Topping-Thompson said learning about the history of the schools and reading the play helped her better understand the experiences and actions of her family. Many of her family members were sent to boarding schools which she believes greatly contributed to her grandmother's alcoholosim. Her grandmother, who attended Pipe Stone Indian school, was an alcoholic. She was unable to care for her children, so they were placed in non-Native foster homes. This angered Topping-Thompson, who blamed her Grandmother for being a poor mother.

“After the play, I was able to see and feel the pain of my grandmother’s experience. I came to understand how she never had her own needs met as a child and how this contributed to her being unable to nurture her own children, “ Topping-Thompson said.

Topping-Thompson was assigned to read the words of her Uncle Jim Northrup, a well-known Ojibwe poet and author from the Fond du Lac reservation whose work is included in the play. “I read his story in which he describes how the little boys would cry at night for their mothers in the dormitory. He said the crying would start with one boy, then move in waves through the children in their beds,” she said.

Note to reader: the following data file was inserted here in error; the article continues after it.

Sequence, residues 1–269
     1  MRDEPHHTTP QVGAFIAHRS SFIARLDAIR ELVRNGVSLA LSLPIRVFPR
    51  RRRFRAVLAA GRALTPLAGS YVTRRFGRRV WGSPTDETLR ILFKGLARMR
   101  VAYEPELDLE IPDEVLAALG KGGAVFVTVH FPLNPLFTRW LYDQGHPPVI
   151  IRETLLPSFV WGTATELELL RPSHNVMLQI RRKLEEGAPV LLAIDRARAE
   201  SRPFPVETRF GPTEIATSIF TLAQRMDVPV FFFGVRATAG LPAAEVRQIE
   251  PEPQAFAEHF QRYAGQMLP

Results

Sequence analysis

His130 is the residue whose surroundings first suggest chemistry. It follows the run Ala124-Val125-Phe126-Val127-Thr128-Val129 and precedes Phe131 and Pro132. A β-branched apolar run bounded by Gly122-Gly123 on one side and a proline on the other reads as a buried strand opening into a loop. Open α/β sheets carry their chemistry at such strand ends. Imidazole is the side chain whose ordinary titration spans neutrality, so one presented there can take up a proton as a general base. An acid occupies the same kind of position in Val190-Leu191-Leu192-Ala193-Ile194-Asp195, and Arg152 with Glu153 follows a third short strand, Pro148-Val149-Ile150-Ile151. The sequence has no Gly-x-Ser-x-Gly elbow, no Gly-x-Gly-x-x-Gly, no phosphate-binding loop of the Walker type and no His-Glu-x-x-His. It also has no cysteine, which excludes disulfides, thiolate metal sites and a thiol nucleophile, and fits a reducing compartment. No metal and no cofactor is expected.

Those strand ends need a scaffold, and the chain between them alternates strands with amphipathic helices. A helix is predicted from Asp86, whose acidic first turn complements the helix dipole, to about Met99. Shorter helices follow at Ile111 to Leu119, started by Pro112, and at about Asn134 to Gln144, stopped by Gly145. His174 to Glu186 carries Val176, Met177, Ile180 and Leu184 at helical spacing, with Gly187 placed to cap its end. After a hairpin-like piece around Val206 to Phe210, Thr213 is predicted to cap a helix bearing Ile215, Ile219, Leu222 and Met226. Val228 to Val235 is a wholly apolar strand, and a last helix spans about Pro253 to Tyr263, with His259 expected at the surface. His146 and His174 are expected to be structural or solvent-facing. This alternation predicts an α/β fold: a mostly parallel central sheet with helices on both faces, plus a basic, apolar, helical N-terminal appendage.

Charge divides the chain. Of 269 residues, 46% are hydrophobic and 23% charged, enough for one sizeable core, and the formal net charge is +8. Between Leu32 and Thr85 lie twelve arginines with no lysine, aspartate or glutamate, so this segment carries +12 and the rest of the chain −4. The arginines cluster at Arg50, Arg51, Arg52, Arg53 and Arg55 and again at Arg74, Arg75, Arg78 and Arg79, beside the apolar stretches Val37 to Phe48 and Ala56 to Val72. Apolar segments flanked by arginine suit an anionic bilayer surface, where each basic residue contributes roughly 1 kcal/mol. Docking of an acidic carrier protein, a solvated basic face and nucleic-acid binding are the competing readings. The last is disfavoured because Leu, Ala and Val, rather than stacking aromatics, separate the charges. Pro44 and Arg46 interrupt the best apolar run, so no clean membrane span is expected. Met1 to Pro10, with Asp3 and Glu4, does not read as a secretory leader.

Gawboy wrote the play in 1972 while participating in a graduate internship. “No one wanted to hear about boarding schools back then so I threw the play in a drawer,” he recalls. Nearly forgotten, it languished in his desk for over 35 years.

A few years ago, his wife, Cynthia Donner, coordinator for tribal sites in the St. Scholastica Social Work Program, asked him if he had any suggestions for teaching students about historical trauma and the impact of boarding schools. He shared his long forgotten script with Donner and her colleagues, who immediately realized its value. Gawboy, Donner and Michelle Robertson, assistant professor of social work at St. Scholastica collaborated in updating the script.

The Great Hurt brings history to life for students,” Donner said.